Red Bluff Bull & Gelding Sale

Jan 28, 2013 1:36 PM

Last week's Red Bluff Bull & Gelding Sale featured hundreds of animals - and hundreds of thousands of dollars - changing hands at the Tehama District Fairgrounds. Rick Carhart was at the sale today. His mission: to find the biggest, baddest bull there.

Don Cardey has been selling animals at the Bull And Gelding Sale for 54 years, and there's a reason he keeps coming back.

Don says, "they're really tough on quality... We sift the bulls, if they're not good enough they kick 'em out, and I believe in that."

Sale manager Adam Owens says, "they've been scrutinized by professionals who've been around cattle their entire lives, and they've said they're good enough to sell."

Cardey brought 20 bulls to this year's sale, and "number 44" is the Grand Champion. At the tender age of 22 months, he weighs in at 2,120 pounds. Cardey knew he had a winner, but it's always up to the judges.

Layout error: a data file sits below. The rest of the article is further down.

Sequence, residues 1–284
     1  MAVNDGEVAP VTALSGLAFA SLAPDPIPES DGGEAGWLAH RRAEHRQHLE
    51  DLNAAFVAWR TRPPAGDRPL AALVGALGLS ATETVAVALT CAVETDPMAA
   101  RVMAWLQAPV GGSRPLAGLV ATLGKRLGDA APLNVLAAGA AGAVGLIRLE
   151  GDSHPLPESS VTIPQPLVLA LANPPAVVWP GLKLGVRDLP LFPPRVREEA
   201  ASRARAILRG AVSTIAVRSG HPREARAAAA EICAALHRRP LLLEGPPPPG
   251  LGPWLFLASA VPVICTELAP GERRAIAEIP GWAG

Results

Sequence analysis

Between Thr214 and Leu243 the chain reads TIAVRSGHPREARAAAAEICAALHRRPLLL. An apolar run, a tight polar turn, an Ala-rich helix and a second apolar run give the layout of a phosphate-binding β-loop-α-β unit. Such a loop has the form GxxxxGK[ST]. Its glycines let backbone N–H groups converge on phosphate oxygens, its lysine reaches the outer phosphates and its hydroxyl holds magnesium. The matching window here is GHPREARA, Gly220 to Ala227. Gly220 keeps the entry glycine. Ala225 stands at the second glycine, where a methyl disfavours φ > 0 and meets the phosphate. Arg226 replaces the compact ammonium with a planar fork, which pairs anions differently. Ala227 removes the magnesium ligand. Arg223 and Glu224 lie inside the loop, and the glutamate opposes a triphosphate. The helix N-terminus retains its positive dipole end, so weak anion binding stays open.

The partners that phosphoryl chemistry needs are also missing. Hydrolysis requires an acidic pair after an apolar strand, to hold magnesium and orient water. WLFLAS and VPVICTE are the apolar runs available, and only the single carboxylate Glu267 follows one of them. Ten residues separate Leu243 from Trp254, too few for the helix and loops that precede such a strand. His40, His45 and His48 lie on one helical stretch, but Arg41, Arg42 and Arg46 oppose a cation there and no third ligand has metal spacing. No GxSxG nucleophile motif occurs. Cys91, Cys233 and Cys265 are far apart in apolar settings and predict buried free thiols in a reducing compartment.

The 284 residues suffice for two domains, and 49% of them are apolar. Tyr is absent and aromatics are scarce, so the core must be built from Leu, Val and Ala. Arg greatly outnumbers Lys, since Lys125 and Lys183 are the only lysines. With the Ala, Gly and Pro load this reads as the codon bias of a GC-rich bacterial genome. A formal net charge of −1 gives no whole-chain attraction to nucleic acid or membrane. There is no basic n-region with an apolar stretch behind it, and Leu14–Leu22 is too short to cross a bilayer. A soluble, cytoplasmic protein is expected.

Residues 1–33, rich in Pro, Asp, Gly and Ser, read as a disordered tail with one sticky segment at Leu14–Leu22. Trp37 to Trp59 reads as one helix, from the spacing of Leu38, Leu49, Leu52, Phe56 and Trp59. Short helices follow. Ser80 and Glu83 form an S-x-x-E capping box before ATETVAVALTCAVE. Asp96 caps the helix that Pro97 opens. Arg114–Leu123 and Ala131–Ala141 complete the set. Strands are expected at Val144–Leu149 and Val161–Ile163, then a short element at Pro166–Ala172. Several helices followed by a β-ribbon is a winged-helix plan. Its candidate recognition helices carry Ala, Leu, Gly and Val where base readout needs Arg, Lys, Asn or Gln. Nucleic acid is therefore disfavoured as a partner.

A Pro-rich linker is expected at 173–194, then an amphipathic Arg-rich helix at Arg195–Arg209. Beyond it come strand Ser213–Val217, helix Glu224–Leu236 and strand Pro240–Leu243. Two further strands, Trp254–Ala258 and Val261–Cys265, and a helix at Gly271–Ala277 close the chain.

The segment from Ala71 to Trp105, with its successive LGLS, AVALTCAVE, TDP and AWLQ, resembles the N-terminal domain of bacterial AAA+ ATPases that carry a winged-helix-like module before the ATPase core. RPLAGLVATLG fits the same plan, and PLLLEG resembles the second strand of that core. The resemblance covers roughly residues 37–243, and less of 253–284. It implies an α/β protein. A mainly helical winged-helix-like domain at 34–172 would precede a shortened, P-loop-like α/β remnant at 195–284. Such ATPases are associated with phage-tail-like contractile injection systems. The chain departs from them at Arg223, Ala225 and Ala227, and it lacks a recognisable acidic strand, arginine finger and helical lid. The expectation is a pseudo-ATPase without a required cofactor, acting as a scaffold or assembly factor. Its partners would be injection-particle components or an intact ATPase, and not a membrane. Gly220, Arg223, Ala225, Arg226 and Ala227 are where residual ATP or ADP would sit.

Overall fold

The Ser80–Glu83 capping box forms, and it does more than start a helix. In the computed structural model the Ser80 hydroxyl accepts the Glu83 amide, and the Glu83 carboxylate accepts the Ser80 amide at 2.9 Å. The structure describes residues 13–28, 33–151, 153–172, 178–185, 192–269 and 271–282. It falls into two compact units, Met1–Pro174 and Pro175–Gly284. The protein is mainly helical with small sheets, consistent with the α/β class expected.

Don says, "they know what they're looking for... We don't always agree with them but we can discuss it, agree to disagree if we want, but seeing as how I won this year I thought they did a heck of a job."

Cardey's bull will be first up at the auction on Saturday morning, and with nearly 400 bulls set to be sold, the action will be fast and furious.

Adam says, "there's a lot of excitement in the auction ring, especially when the champions are selling and you have guys out there that have got their eyes set on them... They're put in a situation where they might have had a budget in mind and they have to make a snap decision whether or not they want to go past their budget and get that bull bought."

Exciting for the buyers, and nerve-wracking for the sellers, because you can't predict prices at a livestock auction.

Don says, "if I had to guess I'd say between $5 and 10-thousand... I'd like to be happy... Surprised."

Whatever happens, you can bet Don Cardey will be back again next year, just as he has for more than half a century.

According to the organizers, the sale brings in between $7-10 million to the local economy, and with ranchers coming from all over the western United States, hotels are booked as far away as Corning and Anderson.


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